On the basis of analysis of such factors one may rank or grade the jobs. When the magnitude of an operation justifies the paper work, this test of job requirements may be used to make written job specifications i.e. a list of all functions needed of employee who fills each job.

There may also be a rating sheet for each job, listing the degree of skill, responsibility and effort, and the job conditions that are required, so that the enterprise may at all times have evidence that its policy in setting comparative wage rates is equitable.


Methods of Job Evaluation – Top 2 Techniques

Method # A. Non-Quantitative Techniques of Job Evaluation:

1. Ranking Method:

In this method a job is ranked related to other jobs in an organization. First, detailed information about various jobs in an organization is obtained, then jobs are grouped based on their similarity and difference. Thereafter the compensable factors are selected, after which the jobs are ranked.

2. Job Classification Method:

In job classification method the committee groups similar jobs together in groups or classes based on the amount or degree of compensable factors that they contain. These groups or classes then help in determining the value of different jobs.

Job classes could at times be prepared on the basis of their difficulty level like:

i. Very simple tasks.

ii. Simple tasks directive in nature.

iii. Simple tasks but difficult process.

iv. Tasks calling for judgment by individual.

v. Regular tasks with accountability.

vi. Non-regular tasks.

vii. Complicated tasks requiring specialization.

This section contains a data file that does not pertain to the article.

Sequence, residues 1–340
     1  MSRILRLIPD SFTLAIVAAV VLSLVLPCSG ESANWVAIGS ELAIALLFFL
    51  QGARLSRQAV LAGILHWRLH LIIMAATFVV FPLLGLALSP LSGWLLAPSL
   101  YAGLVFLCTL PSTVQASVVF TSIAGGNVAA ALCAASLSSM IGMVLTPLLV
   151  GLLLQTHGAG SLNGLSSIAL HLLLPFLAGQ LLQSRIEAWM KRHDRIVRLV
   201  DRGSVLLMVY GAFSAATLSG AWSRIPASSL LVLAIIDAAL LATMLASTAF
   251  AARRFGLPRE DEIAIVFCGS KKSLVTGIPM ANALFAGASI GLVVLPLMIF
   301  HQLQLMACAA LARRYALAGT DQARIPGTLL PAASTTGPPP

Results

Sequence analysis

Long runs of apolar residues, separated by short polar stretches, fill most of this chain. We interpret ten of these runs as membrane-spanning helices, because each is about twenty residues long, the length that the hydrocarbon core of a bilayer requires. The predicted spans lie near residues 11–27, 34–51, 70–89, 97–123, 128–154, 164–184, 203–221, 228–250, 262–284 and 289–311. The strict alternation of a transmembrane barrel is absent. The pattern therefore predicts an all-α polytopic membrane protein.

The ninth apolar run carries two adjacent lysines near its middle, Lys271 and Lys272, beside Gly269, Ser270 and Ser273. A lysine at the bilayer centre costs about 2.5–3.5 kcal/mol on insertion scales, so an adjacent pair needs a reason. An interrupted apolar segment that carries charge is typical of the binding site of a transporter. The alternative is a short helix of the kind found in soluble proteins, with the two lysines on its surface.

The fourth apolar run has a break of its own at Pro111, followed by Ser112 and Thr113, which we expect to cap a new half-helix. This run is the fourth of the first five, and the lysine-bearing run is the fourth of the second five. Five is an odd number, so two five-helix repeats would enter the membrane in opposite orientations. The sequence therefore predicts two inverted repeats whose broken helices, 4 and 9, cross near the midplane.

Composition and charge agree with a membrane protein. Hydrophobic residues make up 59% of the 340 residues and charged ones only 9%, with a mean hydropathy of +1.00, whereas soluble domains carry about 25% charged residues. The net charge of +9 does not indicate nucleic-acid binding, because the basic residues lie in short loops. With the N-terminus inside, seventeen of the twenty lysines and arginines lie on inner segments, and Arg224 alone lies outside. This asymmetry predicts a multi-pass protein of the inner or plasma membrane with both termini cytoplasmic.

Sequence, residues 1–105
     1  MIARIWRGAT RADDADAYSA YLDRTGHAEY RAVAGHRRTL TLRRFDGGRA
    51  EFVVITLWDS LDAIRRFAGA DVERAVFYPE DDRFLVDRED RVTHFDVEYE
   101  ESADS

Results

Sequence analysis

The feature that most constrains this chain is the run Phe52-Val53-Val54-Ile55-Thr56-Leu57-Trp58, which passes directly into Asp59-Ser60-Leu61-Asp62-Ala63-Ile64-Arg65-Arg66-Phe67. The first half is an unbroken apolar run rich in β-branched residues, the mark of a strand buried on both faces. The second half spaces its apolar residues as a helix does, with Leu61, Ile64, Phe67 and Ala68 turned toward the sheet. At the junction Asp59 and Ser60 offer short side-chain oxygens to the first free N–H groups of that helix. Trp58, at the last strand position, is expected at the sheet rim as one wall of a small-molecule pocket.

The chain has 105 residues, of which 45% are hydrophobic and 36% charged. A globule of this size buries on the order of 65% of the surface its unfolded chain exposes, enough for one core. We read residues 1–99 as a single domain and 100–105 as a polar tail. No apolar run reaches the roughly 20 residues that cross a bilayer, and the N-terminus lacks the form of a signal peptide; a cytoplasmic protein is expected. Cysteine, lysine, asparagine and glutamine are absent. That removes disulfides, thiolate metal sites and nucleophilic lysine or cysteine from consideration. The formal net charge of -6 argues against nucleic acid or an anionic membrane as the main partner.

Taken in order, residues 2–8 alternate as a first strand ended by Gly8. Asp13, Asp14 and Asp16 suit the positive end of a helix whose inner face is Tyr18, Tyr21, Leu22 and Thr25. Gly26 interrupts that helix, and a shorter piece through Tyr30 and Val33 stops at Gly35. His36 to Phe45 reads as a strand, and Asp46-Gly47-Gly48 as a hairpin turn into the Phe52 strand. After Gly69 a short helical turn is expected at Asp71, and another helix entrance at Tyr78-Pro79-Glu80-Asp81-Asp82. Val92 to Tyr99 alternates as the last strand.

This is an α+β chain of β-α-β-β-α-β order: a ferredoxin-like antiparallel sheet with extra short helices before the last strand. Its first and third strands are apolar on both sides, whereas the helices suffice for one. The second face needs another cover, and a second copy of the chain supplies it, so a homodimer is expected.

viii.Creative, entrepreneurial tasks.

Method # B. Quantitative Methods of Job Evaluation:

1. Point Method:

Point method of job evaluation is used widely and consists of the following steps:

A. Identifying Compensable Factors for the Benchmark Jobs – Benchmark jobs are those that are commonly found in the market.

B. Assigning Point Values to Compensable Factors – There after the job evaluation committee determines the relative weight-age of various compensable factors and assigns point values to them.

C. Collecting Job Information – Detailed information about the jobs is obtained using job analysis techniques. Tools like Position Analysis. Questionnaire (PAQ), MPDQ etc. may be used for this purpose. The job description and job specification reports help in understanding the job & the ideal candidate better.

D. Rate Each Job using Point Table – Each job is then rated using the point table and the total points are calculated.

E. Plotting Points & Wage Rate – The points of the benchmark jobs so obtained are plotted with the market wage rates for these jobs. The Point values of benchmark jobs are taken on X-axis and market wage rates for these jobs are taken on Y-axis.

A line of best fit is drawn from the plot through use of scatter gram. This line is known as the wage trend line, drawn using a statistical technique known as least squares method of regression.

Point values of other jobs can be plotted on this line and pay-rates can be obtained. The employer has a choice of being the best-paymaster, average pay master or pay-at-par with the market. It all depends on employer’s compensation philosophy. There are companies who deliberately want to be at par or average pay master because they offer very good benefits and culture.

2. Factor Comparison Method:

Factor Comparison method is another quantitative approach for job- evaluation. It uses wages of the existing key jobs, which provide standard against which all other jobs are compared.

The factors used for analysis and evaluating jobs are:

(1) Skill,

(2) Mental effort,

(3) Physical effort,

(4) Responsibility, and

(5) Working conditions.

A composite score is obtained for all factors. The jobs under consideration are evaluated using factor-by- factor in relation to the key jobs on job comparison scale. Then each job is evaluated and compared with other jobs in terms of each factor. Pay is then assigned by comparing the weights of the factors required for each job, i.e., the present wages paid for key jobs may be divided among the factors weighed by importance. All other jobs are compared with the list of key jobs and wage rates are determined.